Nature and Society: Anthropological Perspectives

By Philippe Descola; Gisli Palsson | Go to book overview

Chapter 9

Nature, culture, magic, science

On meta-languages for comparison in cultural ecology

Edvard Hviding

This chapter addresses certain problems in the foundations of anthropological inquiry, concerning the 'empiricist' appropriation of certain concepts prevalent in 'rationalist' discourse (cf. Leach 1976). Turning a critical eye on certain epistemological practices in anthropology, I focus on received wisdom concerning relationships between people and their environment, particularly the often-presumed universal conceptual dualism of 'nature' and 'culture' (cf. Lévi-Strauss 1966). I shall elaborate on the position that the nature-culture dualism forms part of western 'ethnoepistemology' and derives from a non-universal ontological basis. Further, some epistemological contexts of the concepts 'magic' and 'science' are investigated with particular reference to their dualist usage in anthropological discourse and to wider philosophical debates. Through a discussion of ethnographic material from Melanesia, some alternative, non-dualist ontological and epistemological contexts will then be exemplified, and some of their analytical implications explored.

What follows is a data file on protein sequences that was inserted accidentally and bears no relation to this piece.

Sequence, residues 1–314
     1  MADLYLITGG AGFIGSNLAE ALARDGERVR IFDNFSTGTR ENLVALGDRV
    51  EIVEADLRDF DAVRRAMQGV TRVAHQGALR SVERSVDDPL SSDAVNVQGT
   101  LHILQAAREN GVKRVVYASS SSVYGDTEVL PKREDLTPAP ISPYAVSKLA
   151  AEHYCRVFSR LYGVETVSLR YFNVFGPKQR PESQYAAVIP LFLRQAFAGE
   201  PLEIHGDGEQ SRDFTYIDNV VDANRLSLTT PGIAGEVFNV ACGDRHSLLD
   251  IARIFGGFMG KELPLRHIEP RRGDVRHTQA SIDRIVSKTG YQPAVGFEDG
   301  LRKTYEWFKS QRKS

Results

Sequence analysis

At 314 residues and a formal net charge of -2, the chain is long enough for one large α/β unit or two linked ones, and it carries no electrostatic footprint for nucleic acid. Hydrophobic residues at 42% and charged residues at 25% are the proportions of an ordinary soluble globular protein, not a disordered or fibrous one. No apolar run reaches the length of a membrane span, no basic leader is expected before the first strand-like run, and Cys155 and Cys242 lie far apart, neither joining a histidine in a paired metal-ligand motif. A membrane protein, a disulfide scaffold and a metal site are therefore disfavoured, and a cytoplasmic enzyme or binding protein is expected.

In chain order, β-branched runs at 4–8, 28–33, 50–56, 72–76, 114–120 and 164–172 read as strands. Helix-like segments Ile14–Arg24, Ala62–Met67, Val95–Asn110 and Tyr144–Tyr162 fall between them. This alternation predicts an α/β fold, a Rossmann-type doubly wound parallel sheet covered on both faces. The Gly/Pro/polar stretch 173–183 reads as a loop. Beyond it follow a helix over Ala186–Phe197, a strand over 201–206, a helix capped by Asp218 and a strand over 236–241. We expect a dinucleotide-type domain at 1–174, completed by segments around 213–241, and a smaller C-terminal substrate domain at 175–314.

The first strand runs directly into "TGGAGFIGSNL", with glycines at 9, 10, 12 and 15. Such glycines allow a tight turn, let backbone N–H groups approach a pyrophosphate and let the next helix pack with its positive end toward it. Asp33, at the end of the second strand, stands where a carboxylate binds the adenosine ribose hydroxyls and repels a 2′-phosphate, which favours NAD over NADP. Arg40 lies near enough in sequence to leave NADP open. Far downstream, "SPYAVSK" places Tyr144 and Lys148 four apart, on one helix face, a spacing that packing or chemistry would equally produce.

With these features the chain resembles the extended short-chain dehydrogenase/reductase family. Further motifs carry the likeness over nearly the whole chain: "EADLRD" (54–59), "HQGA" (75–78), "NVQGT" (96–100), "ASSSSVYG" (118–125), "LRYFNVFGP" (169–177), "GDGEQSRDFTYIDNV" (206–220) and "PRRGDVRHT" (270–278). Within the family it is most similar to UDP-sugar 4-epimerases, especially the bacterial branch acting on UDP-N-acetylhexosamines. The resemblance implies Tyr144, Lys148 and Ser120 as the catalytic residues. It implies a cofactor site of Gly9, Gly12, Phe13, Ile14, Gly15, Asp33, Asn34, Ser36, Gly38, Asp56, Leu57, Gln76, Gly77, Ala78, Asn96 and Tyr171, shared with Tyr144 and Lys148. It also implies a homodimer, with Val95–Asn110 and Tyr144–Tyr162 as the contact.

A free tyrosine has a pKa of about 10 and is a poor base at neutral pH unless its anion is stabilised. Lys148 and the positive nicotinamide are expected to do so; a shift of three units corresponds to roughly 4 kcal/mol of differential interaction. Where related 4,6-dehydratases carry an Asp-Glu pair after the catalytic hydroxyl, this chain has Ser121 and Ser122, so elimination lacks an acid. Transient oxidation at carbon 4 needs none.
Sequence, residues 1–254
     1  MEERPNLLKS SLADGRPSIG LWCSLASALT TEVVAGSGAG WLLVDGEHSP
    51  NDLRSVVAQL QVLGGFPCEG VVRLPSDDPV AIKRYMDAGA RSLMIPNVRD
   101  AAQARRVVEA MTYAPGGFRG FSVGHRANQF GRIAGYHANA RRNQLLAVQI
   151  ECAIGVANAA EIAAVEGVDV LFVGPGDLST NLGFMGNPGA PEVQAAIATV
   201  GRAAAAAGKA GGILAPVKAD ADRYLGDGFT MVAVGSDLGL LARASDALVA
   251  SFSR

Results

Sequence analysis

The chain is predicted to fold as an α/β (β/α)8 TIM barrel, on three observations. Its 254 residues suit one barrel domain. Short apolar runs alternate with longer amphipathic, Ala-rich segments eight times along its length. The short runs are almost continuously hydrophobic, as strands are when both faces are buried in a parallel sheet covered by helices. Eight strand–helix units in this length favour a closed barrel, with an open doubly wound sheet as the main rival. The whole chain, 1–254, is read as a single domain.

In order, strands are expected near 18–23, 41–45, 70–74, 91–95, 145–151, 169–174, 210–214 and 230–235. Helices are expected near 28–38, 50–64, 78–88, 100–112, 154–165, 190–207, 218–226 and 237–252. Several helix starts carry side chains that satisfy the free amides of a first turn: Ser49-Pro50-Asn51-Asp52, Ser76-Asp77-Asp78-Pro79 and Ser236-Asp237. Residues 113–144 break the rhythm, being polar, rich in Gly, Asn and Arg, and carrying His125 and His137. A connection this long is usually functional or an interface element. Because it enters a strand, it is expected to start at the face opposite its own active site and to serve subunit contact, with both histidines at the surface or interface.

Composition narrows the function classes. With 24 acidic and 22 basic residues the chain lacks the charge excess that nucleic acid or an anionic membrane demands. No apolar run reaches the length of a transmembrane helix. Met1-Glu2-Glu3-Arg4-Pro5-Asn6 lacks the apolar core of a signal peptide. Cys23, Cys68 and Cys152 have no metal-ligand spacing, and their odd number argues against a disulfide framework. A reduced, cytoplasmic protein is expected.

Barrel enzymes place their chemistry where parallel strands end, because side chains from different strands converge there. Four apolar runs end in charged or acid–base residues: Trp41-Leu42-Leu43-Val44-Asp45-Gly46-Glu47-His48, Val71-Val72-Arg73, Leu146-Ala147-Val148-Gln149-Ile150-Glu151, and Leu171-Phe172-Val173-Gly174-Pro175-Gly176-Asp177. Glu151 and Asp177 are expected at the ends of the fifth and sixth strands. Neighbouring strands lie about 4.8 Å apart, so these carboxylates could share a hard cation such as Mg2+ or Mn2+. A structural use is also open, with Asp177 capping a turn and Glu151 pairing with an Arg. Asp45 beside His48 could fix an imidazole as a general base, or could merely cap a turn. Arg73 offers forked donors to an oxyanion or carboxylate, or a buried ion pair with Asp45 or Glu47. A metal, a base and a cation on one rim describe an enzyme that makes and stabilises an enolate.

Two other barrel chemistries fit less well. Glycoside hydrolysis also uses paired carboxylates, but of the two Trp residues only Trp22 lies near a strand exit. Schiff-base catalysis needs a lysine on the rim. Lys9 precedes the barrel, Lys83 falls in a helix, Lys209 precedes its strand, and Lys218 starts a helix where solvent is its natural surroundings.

ON EPISTEMOLOGICAL PRIVILEGES IN ANTHROPOLOGY

Much discussion has taken place within and beyond anthropology about whether or not western rationalist presuppositions can be taken as representative of human universals, and whether they can be accorded an epistemologically privileged position in cultural translation. It has become rather widely held that Cartesian dualism and other metaphysics characteristic of western ontological presuppositions have dominated anthropological analysis to a degree that may obscure multiple orderings of reality. As expressed in a critique from feminist anthropology, 'social scientists must guard against the

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